Dakar veteran Paulo Gonçalves has sadly died following a crash during stage seven of this year’s event. He was 40-years-old.
A statement on the Dakar website said: “Paulo Gonçalves, racing on motorbike no. 8, has passed away from a fall sustained 276 kilometres into today's special. The organisers received an alert at 10:08 and dispatched a medical helicopter that reached the biker at 10:16 and found him unconscious after going into cardiac arrest. Following resuscitation efforts in situ, the competitor was taken by helicopter to Layla Hospital, where he was sadly pronounced dead.”
Yesterday’s stage followed a rest day in the capital, capital Riyadh, and featured the longest timed special, at 546 kilometres, which took competitors to Wadi al-Dawasir. Despite proving a consistent top 15 finisher, Gonçalves had entered stage seven in 46th place overall after engine failure in Tuesday’s stage three hampered his race.
Epitomizing the spirit of the Dakar, he waited for another competitor to deliver a spare engine and replaced his in the middle of the desert, before riding through the night to finish the stage last, 6 hours and 36 minutes after stage winner Ricky Brabec. Despite spending more than 11 hours on the stage, the following day an exhausted Gonçalves went on to finish fourth, proving his metal and sheer riding ability. It was this riding ability, and his penchant for high speeds, that earned him the sobriquet ‘Speedy Gonçalves’.
Born on 5th February 1979, in Gemeses, a small parish nearby to Esposende, Gonçalves was a popular figure in the Dakar bivouac. Since making his debut in 2006, he had contested 13 editions of the rally, across its three chapters – Africa, South America and, for the first time this year, Saudi Arabia. Notably, he finished in second place to Marc Coma in the 2015 race.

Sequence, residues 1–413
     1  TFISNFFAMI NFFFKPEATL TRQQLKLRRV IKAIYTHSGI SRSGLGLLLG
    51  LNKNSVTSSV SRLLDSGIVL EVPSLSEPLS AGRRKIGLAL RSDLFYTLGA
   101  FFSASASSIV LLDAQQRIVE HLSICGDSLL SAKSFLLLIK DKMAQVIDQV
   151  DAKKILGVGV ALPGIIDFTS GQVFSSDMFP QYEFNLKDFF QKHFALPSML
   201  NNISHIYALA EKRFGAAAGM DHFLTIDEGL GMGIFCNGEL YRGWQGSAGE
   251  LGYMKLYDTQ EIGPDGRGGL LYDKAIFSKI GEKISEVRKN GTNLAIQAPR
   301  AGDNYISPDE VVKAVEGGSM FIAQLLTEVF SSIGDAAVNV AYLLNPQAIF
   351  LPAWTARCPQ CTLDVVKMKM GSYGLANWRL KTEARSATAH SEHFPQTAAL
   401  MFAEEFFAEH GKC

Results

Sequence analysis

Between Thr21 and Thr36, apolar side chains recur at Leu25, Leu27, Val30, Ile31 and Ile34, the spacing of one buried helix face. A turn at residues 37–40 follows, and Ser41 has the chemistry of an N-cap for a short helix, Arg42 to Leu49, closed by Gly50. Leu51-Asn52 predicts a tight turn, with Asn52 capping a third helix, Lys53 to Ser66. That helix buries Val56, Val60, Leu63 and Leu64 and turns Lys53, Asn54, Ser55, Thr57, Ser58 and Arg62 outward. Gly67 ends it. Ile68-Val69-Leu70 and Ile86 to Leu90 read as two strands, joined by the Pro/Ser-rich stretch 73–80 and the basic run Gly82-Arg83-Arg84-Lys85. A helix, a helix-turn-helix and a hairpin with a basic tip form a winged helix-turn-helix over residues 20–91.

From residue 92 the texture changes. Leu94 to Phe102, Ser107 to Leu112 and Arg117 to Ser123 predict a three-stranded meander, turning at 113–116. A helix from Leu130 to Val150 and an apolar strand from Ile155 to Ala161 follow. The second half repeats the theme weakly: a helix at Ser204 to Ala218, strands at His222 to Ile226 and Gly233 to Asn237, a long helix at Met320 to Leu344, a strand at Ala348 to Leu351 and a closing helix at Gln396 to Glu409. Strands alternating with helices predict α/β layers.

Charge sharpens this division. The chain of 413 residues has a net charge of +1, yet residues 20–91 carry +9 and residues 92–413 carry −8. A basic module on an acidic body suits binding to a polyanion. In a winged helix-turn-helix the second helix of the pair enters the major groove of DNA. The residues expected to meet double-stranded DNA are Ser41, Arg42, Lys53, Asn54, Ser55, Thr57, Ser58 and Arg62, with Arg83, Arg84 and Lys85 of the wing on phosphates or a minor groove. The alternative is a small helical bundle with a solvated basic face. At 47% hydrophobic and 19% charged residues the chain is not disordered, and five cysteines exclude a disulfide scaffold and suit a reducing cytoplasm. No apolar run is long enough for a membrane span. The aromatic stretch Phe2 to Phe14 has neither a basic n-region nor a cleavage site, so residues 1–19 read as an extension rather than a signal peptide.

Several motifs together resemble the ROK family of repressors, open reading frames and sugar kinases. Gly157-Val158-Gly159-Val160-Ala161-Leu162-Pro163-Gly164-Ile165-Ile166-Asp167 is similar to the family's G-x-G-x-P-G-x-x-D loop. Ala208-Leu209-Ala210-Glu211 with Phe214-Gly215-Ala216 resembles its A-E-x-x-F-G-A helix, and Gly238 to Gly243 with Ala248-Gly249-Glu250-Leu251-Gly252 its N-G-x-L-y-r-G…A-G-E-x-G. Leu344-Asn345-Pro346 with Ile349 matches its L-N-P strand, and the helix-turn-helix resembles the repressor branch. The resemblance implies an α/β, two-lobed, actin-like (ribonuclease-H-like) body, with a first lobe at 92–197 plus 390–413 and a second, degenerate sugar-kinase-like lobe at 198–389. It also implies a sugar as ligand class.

During his career, the accomplished rider also accumulated 23 titles in motocross, supercross and enduro. In 2013, he won the FIM Cross-Country Rallies World Championship, before finishing as runner-up in 2014.
Tributes have poured in from across the motorsport and wider world, with President of Portugal, Marcelo Rebelo de Sousa, stating that he “died trying to achieve the dream of winning one of the hardest and most dangerous rally events in the world, in the which has always been a worthy representative of Portugal, reaching second place in 2015.”
Competitors and organisers will join together to pay their respects to the fallen rider at tonight’s briefing.
The Portugese rider reportedly lost control of his Hero and fell at kilometre 276 of Sunday’s stage seven. He was found unconscious by fellow rider Australian Toby Price, who along with Gonçalves former teammate, Kevin Benavides, tried in vain to help.
Price later posted a tribute to the 40-year-old on his Instagram account. Out of respect, today’s motorcycle and quads category has been cancelled.